4 ways to make your e-zine type letter-perfect
I received an email a few weeks ago from advertising specialist Darren Wiedman, who subscribes to my e-zine.
“I have to reach for my reading glasses every time I open your emails,” he said, in the most generous and gracious exchange possible. “But they are usually worth the extra effort.”
Thank you, Darren. I’m sorry. We’re going to do better.
Darren, whose job includes building HTML emails, suggested that we consider 14 point as a minimum for email text. He sent links to a post by Litmus and other email clients that agreed.
That got us wondering: What are the best font styles and text sizes for easy-to-read emails?
Whether you’re writing email newsletters, email marketing campaigns or business emails, here are some tips for choosing the best font for your email:
1. What’s the best font size for email?
We’ve known for years that type size matters:
- Print copy is most effective at 10 to 12 points, wrote Colin Wheildon in his landmark 1995 book, Type & Layout. Wheildon drew fans like David Ogilvy and Milton Glaser for his proven-in-the-lab best practices.
- Online, participants read 12-point type faster than 10-point type, according to a 2002 study of three professors at Wichita State University’s Software Usability Research Lab.
- Participants also read 12-point type fastest in a 2006 study by the Buskerud University College Optometry and Visual Sciences department in Norway. When researchers reduced that type to 8 points, readers saw a 10% drag in reading time.
The big change since those studies? Mobile reading. More than half of your audience members now open your emails on their smartphones, not their laptops.
So what’s the best font size for mobile email? The experts at Mailchimp recommend:
- Header: 22 to 28 pixels
- Body text: 16 pixels for longer emails to 22 pixels for shorter ones. Apple recommends 17 to 22; Google, 18-22.
- Line height: 1.4 to 1.5 pixels. This saves your message from looking as if the letters are too close from one line to the next.
- Calls to action, buttons, other touch targets: 46 pixels square. Apple recommends 44 pixels square; Google, 48.
Bottom line: Choose a font size that’s big enough so readers don’t have to squint or zoom, small enough so it doesn’t waste precious screen space.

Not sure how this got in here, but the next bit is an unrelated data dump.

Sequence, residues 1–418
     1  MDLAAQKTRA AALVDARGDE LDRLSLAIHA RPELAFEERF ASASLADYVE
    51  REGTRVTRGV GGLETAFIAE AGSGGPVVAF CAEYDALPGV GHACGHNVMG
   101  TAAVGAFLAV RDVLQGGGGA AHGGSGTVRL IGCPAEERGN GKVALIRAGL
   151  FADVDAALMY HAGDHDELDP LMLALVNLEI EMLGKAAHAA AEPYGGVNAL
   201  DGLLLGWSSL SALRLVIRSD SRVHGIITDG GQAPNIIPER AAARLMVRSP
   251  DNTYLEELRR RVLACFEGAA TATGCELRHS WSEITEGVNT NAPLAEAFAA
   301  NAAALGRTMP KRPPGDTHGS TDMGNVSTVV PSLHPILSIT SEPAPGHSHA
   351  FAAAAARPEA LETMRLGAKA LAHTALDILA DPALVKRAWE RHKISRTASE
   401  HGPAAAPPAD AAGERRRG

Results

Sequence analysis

2. What’s the best font for email?
Which typeface works best online?
- Readers were more likely to agree with messages set in Baskerville, according to a 2012 study by Errol Morris. (Least persuasive: Comic Sans, followed by Helvetica.)
- Online, people read messages set in Times New Roman and Arial fastest, according to a 2002 study by three professors at Wichita State University’s Software Usability Research Lab.
- Arial and Courier were the most legible; Comic Sans the least, according to the Wichita State study.
3. Is serif or sans serif the best font for email?
What’s the difference between serif and sans serif fonts?
- In print, serif text type is easier to read. That’s because the serifs help define the letters, which speeds reading.
- Online, sans serif text type is easier to read. That’s because the serifs pixelate, fuzzing up the letters a bit.
Bottom line: Choose a sans serif font for email body copy, a serif font for headlines and other display copy.
4. More tips for email fonts
Also, you’ll want to:
- Avoid italics. They don’t pixelate properly, making them hard to read online.
- Don’t underline text. Visitors will mistake it for a link.
- Choose black type. That light gray default font your email template came with? Costing you readers.
- Use blue for links, purple for clicked links. Web visitors have learned these conventions on other sites; don’t make them learn new rules for yours.
- Use web-safe fonts, including any custom fonts.
Just my type.
Thank you, Darren, for starting this discussion.
Do you still need your glasses?
Source: Neil Patel, “How Typography Affects Conversions,” NeilPatel, 2019
Steffen Fjaervik, “Small Fonts Spell Trouble Online,” PoynterOnline, Oct. 23, 2006
Michael Bernard, Bonnie Lida, Shannon Riley, Telia Hackler and Karen Janzen, “A Comparison of Popular Online Fonts: Which Size and Type is Best?” Usability News, April 1, 2002
Colin Wheildon, Type & Layout: How typography and design can get your message across — or get in the way, Strathmore Press (Berkeley, Calif.), 1995